To morrow, I believe, is to be an eclipse of the sun, and I think it perfectly meet and proper that the sun in the heavens, and the glory of the Republic should both go into obscurity and darkness together.
I know how easy it is for some minds to glide along with the current of popular opinion, where influence, respectability, and all those motives which tend to seduce the human heart are brought to bear.
I am not unconscious of the persuasive power exerted by these considerations to drag men along in the current; but I am not at liberty to travel that road.
I have always believed, heretofore, in the doctrines of the Declaration of Independence, that all men are born free and equal; but of late it appears that some men are born slaves, and I regret that they are not black, so all the world might know them.
We certainly cannot have any further political connection with the Whigs of the South; they have rendered such connection impossible. An impassable gulf separates us, and must here-after separate us.
I am amazed at the facility with which some men follow in the wake of slavery.
But, sir, I shall take the path of duty and shall not swerve from it.
As a Senator I am opposed to duelling. As Ben. Wade, I recognize the code.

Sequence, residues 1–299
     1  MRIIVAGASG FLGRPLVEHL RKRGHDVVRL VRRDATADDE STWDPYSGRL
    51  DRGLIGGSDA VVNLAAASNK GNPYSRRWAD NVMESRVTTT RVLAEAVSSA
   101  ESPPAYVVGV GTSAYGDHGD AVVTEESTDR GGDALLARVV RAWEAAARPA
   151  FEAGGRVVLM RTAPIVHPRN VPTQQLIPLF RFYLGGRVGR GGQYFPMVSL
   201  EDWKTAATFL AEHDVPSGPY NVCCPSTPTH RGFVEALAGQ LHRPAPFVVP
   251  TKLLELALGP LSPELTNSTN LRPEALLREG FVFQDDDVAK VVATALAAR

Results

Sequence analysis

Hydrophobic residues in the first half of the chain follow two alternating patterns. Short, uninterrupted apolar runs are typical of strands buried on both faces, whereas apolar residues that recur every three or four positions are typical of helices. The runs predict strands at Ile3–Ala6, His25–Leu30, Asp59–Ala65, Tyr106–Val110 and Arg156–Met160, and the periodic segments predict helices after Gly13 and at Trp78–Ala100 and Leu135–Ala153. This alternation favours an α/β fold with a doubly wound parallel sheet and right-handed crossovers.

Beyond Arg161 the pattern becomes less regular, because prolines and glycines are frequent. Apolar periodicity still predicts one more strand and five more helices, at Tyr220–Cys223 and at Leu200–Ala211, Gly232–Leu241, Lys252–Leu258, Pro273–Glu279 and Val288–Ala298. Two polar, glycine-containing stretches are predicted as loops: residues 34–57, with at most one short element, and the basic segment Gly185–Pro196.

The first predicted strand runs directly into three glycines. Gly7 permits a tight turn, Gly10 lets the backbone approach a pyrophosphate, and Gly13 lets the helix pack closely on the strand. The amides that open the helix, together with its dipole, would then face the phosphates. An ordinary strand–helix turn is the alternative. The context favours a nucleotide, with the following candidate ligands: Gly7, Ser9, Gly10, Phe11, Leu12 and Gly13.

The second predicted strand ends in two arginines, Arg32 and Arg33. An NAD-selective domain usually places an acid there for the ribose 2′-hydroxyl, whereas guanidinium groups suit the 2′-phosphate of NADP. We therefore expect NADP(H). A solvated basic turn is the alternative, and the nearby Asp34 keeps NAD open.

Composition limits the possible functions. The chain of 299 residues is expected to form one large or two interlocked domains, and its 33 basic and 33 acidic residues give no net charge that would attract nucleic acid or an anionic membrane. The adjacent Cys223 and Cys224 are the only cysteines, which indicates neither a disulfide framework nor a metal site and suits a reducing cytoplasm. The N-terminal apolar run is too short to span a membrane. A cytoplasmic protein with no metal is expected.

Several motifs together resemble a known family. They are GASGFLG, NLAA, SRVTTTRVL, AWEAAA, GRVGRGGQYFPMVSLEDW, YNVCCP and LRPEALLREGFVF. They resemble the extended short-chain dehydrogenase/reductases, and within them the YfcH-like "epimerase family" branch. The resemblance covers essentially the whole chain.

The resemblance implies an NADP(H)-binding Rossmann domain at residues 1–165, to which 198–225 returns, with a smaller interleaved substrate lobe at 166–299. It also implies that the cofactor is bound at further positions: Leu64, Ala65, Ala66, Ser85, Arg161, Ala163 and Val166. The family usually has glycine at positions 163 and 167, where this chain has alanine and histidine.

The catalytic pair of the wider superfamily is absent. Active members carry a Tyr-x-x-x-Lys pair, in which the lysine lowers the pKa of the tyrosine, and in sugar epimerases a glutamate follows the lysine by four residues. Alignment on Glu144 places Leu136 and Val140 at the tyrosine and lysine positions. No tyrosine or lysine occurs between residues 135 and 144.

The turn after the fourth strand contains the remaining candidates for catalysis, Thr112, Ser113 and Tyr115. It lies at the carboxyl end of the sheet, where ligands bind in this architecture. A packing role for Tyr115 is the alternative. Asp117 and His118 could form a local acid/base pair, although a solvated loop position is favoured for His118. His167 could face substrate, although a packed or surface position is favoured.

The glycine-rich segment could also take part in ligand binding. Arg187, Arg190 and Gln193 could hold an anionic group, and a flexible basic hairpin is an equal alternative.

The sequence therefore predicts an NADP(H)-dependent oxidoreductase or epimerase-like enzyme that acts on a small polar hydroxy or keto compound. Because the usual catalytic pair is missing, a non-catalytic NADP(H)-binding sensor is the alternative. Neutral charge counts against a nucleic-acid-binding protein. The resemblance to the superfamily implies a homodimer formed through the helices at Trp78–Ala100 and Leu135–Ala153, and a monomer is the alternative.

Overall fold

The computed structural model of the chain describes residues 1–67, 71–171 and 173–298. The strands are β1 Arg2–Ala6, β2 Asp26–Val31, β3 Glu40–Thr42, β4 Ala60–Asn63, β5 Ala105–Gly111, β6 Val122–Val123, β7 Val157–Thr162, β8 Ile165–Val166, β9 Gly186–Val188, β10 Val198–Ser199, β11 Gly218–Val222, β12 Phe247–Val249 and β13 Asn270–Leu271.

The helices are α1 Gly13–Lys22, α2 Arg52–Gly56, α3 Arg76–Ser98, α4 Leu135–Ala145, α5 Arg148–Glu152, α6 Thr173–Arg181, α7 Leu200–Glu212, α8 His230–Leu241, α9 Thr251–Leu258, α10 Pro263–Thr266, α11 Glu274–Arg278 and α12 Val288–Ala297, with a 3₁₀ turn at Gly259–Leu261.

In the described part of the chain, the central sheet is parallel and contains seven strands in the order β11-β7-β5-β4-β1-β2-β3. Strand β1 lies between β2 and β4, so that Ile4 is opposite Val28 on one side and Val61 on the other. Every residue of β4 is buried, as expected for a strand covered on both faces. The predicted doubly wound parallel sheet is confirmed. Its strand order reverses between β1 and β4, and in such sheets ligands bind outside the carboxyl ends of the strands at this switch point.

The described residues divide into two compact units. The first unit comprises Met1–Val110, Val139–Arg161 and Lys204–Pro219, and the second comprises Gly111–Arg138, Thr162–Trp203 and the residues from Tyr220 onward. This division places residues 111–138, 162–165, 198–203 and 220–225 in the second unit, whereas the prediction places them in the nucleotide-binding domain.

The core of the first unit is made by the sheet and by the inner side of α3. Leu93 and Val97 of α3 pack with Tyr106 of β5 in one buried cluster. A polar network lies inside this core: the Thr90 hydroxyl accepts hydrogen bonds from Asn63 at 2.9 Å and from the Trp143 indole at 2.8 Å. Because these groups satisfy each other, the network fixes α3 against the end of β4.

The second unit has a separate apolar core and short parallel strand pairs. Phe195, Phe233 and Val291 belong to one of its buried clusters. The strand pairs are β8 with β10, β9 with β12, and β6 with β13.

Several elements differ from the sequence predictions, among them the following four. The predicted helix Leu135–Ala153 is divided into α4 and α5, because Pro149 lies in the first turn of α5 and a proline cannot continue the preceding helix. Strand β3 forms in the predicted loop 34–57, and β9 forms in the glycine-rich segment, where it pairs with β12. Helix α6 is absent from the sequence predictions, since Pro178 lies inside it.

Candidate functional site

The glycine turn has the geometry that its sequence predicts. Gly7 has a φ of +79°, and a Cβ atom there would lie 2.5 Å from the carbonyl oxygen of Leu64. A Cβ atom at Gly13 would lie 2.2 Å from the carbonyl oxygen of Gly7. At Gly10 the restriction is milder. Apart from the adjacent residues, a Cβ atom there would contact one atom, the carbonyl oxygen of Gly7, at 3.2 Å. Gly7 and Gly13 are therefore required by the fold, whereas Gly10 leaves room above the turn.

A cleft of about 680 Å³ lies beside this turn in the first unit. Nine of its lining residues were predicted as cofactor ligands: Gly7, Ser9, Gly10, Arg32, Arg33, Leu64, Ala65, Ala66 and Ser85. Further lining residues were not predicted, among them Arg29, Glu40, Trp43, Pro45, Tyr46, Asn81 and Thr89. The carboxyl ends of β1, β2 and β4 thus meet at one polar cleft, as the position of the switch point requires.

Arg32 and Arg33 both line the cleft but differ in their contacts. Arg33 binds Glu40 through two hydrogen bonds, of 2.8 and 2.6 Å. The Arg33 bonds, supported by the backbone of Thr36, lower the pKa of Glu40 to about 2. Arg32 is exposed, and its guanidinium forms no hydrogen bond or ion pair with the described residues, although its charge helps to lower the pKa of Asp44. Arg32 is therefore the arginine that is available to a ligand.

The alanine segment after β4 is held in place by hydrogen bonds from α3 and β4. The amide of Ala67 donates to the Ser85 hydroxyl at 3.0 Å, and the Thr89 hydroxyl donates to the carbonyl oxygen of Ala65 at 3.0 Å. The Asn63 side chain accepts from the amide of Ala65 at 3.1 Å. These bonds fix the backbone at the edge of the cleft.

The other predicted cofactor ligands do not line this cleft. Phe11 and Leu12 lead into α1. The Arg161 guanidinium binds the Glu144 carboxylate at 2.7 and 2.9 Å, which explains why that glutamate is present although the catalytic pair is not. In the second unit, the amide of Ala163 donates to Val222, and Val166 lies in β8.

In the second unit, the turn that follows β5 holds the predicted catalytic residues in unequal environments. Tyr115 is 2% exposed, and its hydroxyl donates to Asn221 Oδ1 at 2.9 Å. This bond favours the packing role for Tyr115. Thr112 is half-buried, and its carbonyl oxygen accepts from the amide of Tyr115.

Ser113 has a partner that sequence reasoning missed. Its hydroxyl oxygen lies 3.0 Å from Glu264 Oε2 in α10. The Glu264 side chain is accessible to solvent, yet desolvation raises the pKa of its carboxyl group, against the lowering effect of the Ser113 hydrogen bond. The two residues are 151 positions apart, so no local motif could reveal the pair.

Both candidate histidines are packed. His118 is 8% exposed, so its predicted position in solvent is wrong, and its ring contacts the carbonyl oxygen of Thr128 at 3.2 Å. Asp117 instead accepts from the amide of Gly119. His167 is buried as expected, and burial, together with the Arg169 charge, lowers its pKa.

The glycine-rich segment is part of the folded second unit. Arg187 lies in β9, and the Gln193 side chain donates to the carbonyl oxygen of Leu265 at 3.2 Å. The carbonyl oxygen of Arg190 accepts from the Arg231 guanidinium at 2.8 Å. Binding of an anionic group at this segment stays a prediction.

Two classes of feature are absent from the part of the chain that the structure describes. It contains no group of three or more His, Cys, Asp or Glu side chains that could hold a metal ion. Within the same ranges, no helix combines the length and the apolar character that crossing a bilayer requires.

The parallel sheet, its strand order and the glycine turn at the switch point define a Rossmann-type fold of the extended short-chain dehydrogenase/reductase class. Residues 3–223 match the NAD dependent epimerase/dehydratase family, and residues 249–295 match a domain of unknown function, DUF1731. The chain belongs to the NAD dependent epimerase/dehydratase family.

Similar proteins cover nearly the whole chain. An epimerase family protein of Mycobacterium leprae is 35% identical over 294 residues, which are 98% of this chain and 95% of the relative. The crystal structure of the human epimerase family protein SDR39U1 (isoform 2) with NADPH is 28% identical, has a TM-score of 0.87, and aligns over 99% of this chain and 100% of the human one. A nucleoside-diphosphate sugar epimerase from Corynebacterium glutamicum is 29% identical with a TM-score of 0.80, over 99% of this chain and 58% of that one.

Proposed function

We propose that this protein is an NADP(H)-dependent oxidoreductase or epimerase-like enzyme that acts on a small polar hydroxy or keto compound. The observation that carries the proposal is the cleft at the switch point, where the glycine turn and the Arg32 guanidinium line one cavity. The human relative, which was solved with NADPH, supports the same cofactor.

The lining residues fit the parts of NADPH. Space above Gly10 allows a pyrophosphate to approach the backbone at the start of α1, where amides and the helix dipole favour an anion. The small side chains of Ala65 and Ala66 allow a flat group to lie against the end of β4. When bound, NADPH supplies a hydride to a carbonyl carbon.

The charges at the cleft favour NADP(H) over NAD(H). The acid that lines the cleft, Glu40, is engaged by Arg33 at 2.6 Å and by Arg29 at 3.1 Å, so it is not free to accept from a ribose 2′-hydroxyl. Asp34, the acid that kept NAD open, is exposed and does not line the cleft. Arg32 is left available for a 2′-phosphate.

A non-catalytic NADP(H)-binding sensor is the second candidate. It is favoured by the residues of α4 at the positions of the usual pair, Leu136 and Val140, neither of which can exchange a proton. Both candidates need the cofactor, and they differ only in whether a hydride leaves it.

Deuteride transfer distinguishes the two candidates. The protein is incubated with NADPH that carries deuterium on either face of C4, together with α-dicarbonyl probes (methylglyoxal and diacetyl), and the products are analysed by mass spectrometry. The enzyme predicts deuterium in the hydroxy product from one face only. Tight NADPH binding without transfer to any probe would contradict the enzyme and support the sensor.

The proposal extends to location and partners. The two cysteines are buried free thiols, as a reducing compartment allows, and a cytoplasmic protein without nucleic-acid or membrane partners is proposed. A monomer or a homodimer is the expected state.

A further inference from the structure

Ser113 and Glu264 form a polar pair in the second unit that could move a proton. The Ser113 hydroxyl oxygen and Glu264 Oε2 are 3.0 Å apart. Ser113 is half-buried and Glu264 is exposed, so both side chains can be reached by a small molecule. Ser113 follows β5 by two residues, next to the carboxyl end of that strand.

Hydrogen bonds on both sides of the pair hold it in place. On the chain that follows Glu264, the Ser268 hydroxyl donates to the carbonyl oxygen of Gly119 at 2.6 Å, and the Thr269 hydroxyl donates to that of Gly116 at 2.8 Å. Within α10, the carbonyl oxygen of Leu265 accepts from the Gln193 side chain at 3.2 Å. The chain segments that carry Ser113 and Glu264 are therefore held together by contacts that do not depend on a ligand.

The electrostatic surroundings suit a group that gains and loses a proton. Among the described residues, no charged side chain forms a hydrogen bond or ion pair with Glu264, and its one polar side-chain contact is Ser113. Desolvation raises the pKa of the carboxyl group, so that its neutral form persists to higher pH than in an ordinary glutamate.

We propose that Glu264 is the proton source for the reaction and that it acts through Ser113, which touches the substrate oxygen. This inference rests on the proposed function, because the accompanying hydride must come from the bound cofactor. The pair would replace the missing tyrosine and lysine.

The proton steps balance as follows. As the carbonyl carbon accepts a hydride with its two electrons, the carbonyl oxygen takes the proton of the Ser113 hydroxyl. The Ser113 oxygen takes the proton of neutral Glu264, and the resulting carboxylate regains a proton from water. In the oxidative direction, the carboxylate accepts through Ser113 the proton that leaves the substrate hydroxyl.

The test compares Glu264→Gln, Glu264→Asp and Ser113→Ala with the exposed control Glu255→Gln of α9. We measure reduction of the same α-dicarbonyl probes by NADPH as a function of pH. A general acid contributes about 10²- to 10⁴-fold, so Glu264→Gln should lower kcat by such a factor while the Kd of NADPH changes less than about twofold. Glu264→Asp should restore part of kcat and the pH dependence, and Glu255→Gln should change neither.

I do not pretend to know precisely what is on foot there; but I think it pretty evident that there is a very free communication between that country and this body, and unless I am greatly mistaken, I see the dwarfish medium by which that communication is kept up.
I may fall here in the Senate chamber, but I will. never make any compromise with any such men.
Sir, I am no sycophant or worshipper of power anywhere.
Sometimes it leads me even to hesitate whether I am strictly correct in my idea that all men are born to equal rights, for their conduct seems to me to contravene the doctrine.
The humiliation of the North is complete and overwhelming.
You can never conquer us, we will die first.
I am not unaware how unpopular on this floor are the sentiments I am about to advocate.
If a man carries his horse out of a slave State into a free one, be does not lose his property interest in him; but if he carries his slave into a free State, the law makes him free.
Well, what are you going to do about it?